Premiere: SILVER Turns Frustration into Colourful Fun with “Take It Away”

SILVER © Emma Van Der Heide
In “Take It Away”, SILVER explores new sonic ground while turning a frustrating relationship into something extremely colourful, fun, and bright.

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It’s hard to shrug off frustration, but it’s even harder to turn it into something fun and beautiful. It’s especially difficult to do that when this frustration comes from love. SILVER, née Sophie Cates, manages to do the latter, beautifully, on “Take It Away“, her newest single that Atwood Magazine is proud to be premiering today. 

SILVER - Take it Away Single Art

SILVER – Take it Away Single Art

“I was just thinking about this relationship that I was sort of in, sort of not in, kind of a back and forth, about how annoyed I was that this person would show me this affection and then they would stop. It would’ve been easier if you’d never given me that affection in the first place, so I started with the line “When you take it away, it’s worse than never having it at all”. I’d gotten to Chicago, had just met this person, and it was my first very frustrating experience in love,” says Cates about the song.

The harmony-filled, playful “Take It Away” represents new sonic ground for the Chicago-based artist, whose first two singles “Darling Don’t” and “Drinking Games” were broodier, more heartbreaking tales of love gone wrong. SILVER is definitely one of the most exciting emerging acts in American pop music today. She has that rare ability of bottling up the teenage experience, in all its excitement, pain, and discovery, and perfectly conveying these feelings in beautifully captivating songs. Atwood Magazine sat down with SILVER to discuss her musical beginnings, first handful of singles, and how she balances being a college student and a professional musician.

Listen: “Take it Away” – SILVER

A CONVERSATION WITH SILVER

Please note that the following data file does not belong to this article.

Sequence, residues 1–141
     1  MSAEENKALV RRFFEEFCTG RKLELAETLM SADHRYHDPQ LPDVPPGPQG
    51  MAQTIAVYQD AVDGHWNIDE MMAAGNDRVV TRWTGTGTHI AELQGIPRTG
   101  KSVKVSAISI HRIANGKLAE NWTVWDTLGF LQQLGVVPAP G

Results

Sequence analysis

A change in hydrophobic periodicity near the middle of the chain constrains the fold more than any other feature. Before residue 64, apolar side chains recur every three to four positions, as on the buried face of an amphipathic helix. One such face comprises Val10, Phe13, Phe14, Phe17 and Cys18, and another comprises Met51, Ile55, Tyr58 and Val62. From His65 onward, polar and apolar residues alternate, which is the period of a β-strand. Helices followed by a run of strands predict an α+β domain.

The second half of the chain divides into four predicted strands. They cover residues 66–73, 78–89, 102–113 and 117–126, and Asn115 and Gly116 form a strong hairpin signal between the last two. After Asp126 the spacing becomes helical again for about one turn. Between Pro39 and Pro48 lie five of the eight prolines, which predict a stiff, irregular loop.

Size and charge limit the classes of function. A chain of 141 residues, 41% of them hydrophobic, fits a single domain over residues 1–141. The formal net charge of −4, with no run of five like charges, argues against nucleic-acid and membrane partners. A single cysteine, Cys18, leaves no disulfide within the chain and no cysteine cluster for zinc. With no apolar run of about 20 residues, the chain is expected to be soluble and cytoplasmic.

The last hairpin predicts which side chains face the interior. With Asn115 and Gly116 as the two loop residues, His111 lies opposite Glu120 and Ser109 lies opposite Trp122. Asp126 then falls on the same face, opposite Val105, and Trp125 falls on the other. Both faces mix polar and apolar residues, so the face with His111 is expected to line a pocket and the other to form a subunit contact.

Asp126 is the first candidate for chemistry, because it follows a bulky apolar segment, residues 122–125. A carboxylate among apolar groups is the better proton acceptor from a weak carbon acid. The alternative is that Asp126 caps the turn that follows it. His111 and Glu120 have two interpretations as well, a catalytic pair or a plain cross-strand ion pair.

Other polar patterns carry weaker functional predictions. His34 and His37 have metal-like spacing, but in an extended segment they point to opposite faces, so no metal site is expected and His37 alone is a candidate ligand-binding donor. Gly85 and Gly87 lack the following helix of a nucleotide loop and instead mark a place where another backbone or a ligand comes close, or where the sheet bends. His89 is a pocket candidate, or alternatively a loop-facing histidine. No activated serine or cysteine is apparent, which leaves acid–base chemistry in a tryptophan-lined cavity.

Atwood Magazine: So Sophie, how and when did you start making music?

SILVER: I did theatre and stuff all throughout my childhood so I liked performing, but I started writing when I was probably like 12 and obsessed with Taylor Swift (laughs). I had a guitar and started taking guitar lessons and would write 7th grade love songs and stuff. I didn’t put any music out until I was probably like 15 or 16.

Did you know music was what you wanted to do when you started writing?

SILVER: Yeah, I think so. I always loved performing and singing. I’m not that into theatre now but I always loved being onstage and stuff. But obviously if you say you want to be a singer everyone’s like “The entertainment industry is really hard” so there was a point in time where I was like “Okay, maybe I’ll just make it a hobby”. But when I was probably 16 or 17 and choosing where I was going to go to college and what my major was going to be and all that stuff, I was like “I don’t really see myself doing anything else”.

That’s cool. We only have one life, might as well just try.

SILVER: Exactly, I was going through all these different things that I could do, like I like fashion, art, and writing, I could make those my jobs but the thing I could see myself doing for the rest of my life was writing songs and performing, it’s my favourite thing to do.

We have people like Lorde who grew up writing music and perfectly depicted teenage years in song. You had the chance to do the same thing, and you did it. What was it like growing up and translating your experiences into song?

SILVER:I love Lorde, she’s one of my favourite songwriters and artists. I grew up in a small town outside of Boston, I wouldn’t say it was boring, it’s a very beautiful place and it’s on the water and we have a beach and everything but it was kind of boring, so I would always listen to music and romanticise the ideas in other people’s songs like Lorde and The 1975, they’re another one. When you listen to them, The 1975, they’ve said that the first album is a soundtrack to their youth, and I love the idea that if I could write about what I was experiencing I could look back and feel it all again, and it totally is like that. When I listen to the songs I can almost play it back in my head. I just loved music that captured moments and feelings, even if it wasn’t one you had, The 1975 and Lorde are so good at taking their experiences and making you feel their own emotions towards them.